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[beech] /bitʃ/
an expanse of sand or pebbles along a shore.
the part of the shore of an ocean, sea, large river, lake, etc., washed by the tide or waves.
the area adjacent to a seashore:
We're vacationing at the beach.
verb (used with object)
Nautical. to haul or run onto a beach:
We beached the ship to save it.
to make inoperative or unemployed.
Origin of beach
First recorded in 1525-35; of obscure origin
Related forms
beachless, adjective
unbeached, adjective
Can be confused
beach, beech.
2. coast, seashore, strand, littoral, sands. See shore1 . 5. ground. Unabridged
Based on the Random House Dictionary, © Random House, Inc. 2018.
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Examples from the Web for beaching
Contemporary Examples
Historical Examples
  • On these magic shores children at play are for ever beaching their coracles.

    Peter and Wendy James Matthew Barrie
  • Why could I not have thought of the tide when we were beaching the boat?

    More About Peggy Mrs G. de Horne Vaizey
  • beaching her canoe, she strolled to and fro for a while; then she sat down.

    Jupiter Lights Constance Fenimore Woolson
  • On the 1st of November, after seeking winter quarters, his men found a suitable spot for beaching their vessel.

  • They kept it up until nightfall, and then beaching the canoe lay down once more in the tent, which strained in the wind.

  • In case of fire he must, with the pilot, instantly decide where lay the greatest chances of safety in beaching his boat.

    Old Times on the Upper Mississippi George Byron Merrick
  • The sailors have just raised the small foresail preparatory to beaching the ship.

    The Bible Story Rev. Newton Marshall Hall
  • On the 3rd of February they came to an anchor off an island well suited for beaching the ship.

    Notable Voyagers W.H.G. Kingston and Henry Frith
  • Turning to look, he was astonished to see that a Webster City police patrol boat was beaching on the island.

British Dictionary definitions for beaching


an extensive area of sand or shingle sloping down to a sea or lake, esp the area between the high- and low-water marks on a seacoast related adjective littoral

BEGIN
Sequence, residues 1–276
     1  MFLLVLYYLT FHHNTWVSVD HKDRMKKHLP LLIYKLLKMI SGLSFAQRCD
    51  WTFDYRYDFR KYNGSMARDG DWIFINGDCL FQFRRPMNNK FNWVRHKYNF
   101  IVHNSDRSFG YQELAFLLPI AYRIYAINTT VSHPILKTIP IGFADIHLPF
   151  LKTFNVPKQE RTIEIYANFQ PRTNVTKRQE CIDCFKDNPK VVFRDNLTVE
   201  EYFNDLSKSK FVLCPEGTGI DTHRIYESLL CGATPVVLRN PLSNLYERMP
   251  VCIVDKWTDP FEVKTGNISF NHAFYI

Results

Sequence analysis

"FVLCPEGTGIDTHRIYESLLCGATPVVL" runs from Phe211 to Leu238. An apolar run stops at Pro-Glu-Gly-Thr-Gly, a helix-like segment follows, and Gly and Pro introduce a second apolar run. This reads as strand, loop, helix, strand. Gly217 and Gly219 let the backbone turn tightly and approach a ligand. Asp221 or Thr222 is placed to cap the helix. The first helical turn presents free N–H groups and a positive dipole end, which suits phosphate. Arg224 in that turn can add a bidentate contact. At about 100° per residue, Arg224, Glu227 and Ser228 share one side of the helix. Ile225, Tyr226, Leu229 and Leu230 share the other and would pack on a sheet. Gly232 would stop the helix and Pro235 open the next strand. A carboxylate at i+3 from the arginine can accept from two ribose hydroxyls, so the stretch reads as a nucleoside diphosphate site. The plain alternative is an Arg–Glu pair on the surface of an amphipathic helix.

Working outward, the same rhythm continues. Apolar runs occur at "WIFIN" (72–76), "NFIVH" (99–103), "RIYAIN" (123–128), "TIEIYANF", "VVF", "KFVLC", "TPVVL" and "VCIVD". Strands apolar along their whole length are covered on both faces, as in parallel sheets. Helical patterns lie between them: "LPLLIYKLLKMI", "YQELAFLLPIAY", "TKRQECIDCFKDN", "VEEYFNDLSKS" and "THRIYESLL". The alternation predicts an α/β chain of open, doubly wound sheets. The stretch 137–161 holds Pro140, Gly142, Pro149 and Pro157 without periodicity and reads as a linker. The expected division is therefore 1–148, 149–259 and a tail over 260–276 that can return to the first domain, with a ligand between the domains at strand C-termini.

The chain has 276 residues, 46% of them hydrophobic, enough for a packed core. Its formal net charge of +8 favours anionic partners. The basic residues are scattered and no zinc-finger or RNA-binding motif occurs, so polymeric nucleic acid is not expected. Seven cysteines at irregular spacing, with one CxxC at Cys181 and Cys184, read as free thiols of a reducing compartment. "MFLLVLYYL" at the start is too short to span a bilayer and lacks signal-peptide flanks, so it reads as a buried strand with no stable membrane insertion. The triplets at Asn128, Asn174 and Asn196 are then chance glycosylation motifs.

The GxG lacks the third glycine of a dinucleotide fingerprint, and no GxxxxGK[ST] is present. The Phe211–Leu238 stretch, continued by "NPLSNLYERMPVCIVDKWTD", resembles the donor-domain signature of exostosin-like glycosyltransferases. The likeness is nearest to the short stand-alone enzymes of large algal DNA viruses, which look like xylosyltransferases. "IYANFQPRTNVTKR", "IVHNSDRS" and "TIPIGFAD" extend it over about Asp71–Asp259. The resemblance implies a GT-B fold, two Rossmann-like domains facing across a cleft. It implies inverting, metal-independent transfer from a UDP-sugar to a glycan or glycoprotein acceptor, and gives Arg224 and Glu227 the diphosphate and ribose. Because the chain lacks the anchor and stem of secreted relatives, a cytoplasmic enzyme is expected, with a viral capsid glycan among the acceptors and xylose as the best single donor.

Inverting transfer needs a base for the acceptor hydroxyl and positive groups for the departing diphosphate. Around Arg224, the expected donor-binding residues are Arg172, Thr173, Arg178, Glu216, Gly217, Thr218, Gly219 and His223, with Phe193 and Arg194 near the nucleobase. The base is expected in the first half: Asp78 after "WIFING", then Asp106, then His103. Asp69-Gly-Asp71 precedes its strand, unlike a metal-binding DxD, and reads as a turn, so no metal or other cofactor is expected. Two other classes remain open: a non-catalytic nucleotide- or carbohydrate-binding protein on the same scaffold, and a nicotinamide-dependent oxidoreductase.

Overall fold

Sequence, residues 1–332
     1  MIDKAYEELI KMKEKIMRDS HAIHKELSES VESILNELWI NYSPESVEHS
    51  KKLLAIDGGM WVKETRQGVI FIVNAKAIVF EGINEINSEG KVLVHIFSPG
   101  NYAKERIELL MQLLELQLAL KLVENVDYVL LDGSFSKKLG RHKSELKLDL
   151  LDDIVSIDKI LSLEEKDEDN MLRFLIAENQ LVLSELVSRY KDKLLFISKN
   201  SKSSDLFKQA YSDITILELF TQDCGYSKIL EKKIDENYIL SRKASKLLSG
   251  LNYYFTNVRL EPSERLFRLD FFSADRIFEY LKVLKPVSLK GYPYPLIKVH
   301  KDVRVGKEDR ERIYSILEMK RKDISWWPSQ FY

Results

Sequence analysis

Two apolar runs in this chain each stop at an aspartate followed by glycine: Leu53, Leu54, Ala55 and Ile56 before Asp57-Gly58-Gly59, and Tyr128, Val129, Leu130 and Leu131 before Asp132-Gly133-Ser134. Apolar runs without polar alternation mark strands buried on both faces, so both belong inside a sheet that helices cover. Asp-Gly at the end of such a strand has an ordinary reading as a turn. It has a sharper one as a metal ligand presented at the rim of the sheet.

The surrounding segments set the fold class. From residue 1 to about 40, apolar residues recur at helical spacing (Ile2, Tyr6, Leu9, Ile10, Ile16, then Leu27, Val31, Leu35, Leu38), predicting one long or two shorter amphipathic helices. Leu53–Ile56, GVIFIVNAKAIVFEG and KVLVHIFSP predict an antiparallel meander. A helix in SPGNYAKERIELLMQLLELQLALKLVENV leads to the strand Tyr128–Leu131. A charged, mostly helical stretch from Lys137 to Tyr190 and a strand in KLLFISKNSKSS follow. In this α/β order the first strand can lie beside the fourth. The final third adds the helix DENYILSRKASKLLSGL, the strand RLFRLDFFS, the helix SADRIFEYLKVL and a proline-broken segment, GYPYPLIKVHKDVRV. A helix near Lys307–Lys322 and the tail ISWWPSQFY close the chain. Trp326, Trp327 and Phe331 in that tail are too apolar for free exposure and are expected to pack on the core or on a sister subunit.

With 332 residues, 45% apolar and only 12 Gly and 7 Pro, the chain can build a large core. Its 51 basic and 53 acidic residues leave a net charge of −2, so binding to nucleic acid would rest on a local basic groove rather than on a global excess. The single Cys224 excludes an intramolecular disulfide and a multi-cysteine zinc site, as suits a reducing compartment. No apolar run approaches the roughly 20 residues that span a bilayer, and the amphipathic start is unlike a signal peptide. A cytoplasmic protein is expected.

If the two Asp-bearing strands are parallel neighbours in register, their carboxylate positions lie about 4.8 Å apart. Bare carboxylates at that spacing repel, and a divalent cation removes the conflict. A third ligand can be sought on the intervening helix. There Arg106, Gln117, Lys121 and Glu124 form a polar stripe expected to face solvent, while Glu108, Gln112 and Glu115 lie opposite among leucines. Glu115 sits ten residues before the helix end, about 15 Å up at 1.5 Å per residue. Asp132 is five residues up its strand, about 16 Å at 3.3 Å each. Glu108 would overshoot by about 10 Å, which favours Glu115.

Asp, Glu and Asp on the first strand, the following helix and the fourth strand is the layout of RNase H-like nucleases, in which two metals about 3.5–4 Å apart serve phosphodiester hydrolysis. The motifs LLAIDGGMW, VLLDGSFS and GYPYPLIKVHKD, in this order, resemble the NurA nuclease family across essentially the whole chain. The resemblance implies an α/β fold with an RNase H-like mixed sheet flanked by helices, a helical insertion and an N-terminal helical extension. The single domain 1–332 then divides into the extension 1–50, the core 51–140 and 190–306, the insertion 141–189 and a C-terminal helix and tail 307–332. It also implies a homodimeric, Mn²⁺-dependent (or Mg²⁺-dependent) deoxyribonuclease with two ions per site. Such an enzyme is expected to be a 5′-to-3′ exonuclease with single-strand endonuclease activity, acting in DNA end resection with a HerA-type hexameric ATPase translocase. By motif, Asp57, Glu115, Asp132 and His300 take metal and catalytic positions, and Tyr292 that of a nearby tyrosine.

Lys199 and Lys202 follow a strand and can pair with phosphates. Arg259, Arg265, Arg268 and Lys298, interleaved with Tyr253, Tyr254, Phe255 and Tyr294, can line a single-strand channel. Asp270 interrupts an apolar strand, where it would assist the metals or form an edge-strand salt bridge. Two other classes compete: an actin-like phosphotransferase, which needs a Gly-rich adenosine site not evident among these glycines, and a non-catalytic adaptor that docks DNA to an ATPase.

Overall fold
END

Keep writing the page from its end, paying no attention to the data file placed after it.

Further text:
to run or haul (a boat) onto a beach
Word Origin
C16: perhaps related to Old English bæce river, beck²
Collins English Dictionary - Complete & Unabridged 2012 Digital Edition
© William Collins Sons & Co. Ltd. 1979, 1986 © HarperCollins
Publishers 1998, 2000, 2003, 2005, 2006, 2007, 2009, 2012
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Word Origin and History for beaching



"to haul or run up on a beach," 1840, from beach (n.). Related: Beached; beaching.



1530s, "loose, water-worn pebbles of the seashore," probably from Old English bæce, bece "stream," from Proto-Germanic *bakiz. Extended to loose, pebbly shores (1590s), and in dialect around Sussex and Kent beach still has the meaning "pebbles worn by the waves." French grève shows the same evolution. Beach ball first recorded 1940; beach bum first recorded 1950.

Online Etymology Dictionary, © 2010 Douglas Harper
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beaching in Science
The area of accumulated sand, stone, or gravel deposited along a shore by the action of waves and tides. Beaches usually slope gently toward the body of water they border and have a concave shape. They extend landward from the low water line to the point where there is a distinct change in material (as in a line of vegetation) or in land features (as in a cliff).
The American Heritage® Science Dictionary
Copyright © 2002. Published by Houghton Mifflin. All rights reserved.
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